At first glance, since request sizes can be arbitrarily small, the fragments used by bandwidth requests might well become progressively narrower as time passes, in which case the number of fragments could grow without bound. Clearly, such an operational model cannot be supported by a realistic system, so it is of great interest to know whether this can actually happen. The principal theoretical contribution of this paper is a proof that in fact, with high probability, the number of fragments in the system remains acceptably low. A precise statement is deferred to the next section where additional notation and concepts are introduced.

In addition to mathematical results, and in order to gain further insight into the performance of the system, we present the results of extensive experiments. These show that although for a given maximum request size *α*, the number of fragments has a finite expected value, there is a linear relationship between 1/*α* and the expected number of fragments into which a request is divided. This indicates that when the requests are constrained to be small, they are also fragmented into a relatively large number of fragments. From a practical point of view, this implies that, if we can impose a lower bound on the fragment size by rejecting gaps that are too small, then we have a useful control on the ill effects of excessive fragmentation.

Our experiments show that different bandwidth allocation algorithms exhibit significantly different performance in terms of the fragmentation occurring in the system. As one example, an algorithm that scans the gaps in decreasing order of their sizes reduces the fragmentation by almost an order of magnitude compared to LS. Interestingly, the experiments also show that the number of fragments is distributed according to a normal law with a relatively low mean value. Finally, the experiments for small *α* led to the interesting observation that the ratio of the average number of gaps to the average number of requests being served was approximately 1/2. Although we were unable to prove this ratio-of-averages result, we were able to prove a corresponding 50 % limit law for the expected value of the ratio of the number of gaps to the number of requests being served.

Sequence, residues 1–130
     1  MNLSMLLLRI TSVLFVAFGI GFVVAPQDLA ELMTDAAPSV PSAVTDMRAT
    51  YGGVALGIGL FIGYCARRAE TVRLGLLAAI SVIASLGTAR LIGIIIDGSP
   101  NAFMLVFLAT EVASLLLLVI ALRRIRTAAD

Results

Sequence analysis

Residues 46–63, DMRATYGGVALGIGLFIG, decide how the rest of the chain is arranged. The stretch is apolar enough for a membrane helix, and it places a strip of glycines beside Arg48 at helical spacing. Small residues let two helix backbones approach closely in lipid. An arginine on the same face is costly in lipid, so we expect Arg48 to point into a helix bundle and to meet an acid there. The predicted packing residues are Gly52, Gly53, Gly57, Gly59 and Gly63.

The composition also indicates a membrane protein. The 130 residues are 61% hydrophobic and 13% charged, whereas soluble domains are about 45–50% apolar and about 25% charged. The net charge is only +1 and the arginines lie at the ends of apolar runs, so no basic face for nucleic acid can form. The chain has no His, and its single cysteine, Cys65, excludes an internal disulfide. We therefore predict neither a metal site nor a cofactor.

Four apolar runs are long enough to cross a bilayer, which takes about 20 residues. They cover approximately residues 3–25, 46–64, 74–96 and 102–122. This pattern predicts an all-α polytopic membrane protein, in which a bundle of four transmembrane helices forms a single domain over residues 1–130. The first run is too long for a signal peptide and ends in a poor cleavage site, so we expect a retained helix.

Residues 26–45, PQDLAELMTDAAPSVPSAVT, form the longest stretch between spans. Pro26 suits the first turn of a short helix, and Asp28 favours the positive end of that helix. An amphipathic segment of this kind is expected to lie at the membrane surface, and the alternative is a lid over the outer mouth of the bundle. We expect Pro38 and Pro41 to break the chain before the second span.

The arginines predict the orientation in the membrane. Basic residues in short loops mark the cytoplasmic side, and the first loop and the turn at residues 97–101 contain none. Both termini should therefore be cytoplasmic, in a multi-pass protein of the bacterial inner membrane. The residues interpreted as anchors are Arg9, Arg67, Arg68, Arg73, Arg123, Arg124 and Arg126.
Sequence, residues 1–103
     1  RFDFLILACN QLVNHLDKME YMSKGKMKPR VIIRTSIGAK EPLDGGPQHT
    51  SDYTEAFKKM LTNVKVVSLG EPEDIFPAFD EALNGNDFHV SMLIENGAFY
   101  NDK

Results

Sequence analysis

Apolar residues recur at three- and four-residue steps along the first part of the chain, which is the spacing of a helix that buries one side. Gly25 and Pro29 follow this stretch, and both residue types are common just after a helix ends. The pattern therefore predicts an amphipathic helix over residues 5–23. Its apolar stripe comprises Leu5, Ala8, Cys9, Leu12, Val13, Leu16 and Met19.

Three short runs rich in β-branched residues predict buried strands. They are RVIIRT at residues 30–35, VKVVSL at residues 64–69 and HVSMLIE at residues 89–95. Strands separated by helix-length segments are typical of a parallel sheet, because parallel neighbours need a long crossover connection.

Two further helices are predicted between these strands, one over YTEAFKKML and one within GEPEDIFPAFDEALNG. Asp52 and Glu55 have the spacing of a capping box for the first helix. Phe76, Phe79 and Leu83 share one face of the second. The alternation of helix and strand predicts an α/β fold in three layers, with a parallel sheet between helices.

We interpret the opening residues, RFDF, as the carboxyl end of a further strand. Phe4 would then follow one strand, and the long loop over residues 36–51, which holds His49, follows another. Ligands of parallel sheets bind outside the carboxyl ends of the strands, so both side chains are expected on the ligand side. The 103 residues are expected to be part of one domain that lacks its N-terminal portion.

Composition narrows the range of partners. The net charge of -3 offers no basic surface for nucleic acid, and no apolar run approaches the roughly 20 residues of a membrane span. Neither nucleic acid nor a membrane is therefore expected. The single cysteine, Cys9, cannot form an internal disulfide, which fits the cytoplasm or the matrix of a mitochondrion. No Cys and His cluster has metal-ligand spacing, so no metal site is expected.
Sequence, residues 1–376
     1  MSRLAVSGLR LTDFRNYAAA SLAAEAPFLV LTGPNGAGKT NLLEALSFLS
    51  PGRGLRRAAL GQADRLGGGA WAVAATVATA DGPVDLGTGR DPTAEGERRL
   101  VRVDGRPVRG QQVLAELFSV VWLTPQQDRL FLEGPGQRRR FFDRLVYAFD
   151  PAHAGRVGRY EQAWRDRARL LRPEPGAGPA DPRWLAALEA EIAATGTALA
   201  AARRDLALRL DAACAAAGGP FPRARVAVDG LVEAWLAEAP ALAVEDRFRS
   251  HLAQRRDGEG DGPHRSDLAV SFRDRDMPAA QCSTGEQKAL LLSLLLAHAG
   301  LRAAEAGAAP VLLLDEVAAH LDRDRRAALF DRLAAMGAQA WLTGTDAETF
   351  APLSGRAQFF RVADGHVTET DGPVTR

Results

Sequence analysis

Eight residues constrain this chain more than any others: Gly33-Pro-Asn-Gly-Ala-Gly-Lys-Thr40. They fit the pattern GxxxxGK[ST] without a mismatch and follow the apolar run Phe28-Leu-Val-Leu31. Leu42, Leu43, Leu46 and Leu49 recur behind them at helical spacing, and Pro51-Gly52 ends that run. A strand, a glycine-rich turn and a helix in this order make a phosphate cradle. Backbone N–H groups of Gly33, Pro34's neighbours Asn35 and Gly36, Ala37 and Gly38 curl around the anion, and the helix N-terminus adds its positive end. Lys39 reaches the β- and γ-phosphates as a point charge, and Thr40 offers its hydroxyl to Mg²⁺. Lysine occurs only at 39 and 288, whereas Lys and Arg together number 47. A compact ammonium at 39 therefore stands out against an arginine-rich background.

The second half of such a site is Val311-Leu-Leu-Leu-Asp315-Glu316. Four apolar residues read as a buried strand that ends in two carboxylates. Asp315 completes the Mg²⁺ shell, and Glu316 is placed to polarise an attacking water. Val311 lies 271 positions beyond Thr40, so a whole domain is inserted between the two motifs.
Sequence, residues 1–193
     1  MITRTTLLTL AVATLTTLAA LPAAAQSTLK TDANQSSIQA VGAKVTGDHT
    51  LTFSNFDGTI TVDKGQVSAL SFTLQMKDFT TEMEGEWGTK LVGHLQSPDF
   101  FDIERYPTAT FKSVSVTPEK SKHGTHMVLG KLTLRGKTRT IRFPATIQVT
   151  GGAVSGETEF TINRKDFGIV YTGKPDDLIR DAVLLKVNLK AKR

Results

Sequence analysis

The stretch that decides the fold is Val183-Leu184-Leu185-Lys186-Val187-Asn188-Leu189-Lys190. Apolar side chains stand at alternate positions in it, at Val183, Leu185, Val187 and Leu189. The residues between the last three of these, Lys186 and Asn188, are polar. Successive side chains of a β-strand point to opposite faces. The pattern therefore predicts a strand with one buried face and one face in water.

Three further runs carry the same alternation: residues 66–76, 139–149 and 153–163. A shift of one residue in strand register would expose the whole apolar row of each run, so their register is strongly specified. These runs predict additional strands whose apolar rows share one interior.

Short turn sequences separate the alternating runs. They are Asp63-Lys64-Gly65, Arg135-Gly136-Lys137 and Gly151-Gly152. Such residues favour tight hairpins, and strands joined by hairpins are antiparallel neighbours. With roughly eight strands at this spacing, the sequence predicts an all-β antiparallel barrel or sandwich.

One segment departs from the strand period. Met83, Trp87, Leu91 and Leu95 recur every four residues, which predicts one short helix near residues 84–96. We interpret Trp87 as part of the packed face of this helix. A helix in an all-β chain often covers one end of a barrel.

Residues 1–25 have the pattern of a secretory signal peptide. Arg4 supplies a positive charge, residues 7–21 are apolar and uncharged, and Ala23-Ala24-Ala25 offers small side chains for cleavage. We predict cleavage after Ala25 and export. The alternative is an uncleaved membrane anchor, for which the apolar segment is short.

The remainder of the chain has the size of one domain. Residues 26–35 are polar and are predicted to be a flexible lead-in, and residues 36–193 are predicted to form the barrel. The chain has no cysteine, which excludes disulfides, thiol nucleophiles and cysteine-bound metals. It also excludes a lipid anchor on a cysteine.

The spectrum allocation problems described here can be characterized in the context of dynamic storage allocation problems of computers; see Knuth [14]. In that context, the term “spectrum” refers to the storage unit, “bandwidth requirements” refer to storage requirements, and “channel” refers to a region in storage containing a file. In the original dynamic storage model, fragmentation referred only to the gaps of unoccupied storage interspersed with intervals of occupied storage: files were not fragmented. The reader familiar with that model may have found the 50 % rule observed in our experiments to be reminiscent of Knuth’s 50 % rule, which asserts that the number of gaps is approximately half the number of files when exact fits of files into gaps are rare. Our notion of fragmentation applies also to the files themselves, so our discovery that a similar 50 % rule continued to apply was a surprising one at first. Note that, in terms of the storage application, our model corresponds precisely to *linked-list* allocation of files—channels allocated to requests are sets of linked, disjoint segments of storage allocated to file fragments. Our results provide a novel analysis for such systems, and have implications for the garbage-collection/defragmentation process in linked-list systems. We note that studies of dynamic storage allocation have been around for some 40 years, and widely recognized as posing very challenging problems to both combinatorial and stochastic modeling and analysis. In particular, results of the type found in this paper, rigorous within stochastic models, seem to be quite new.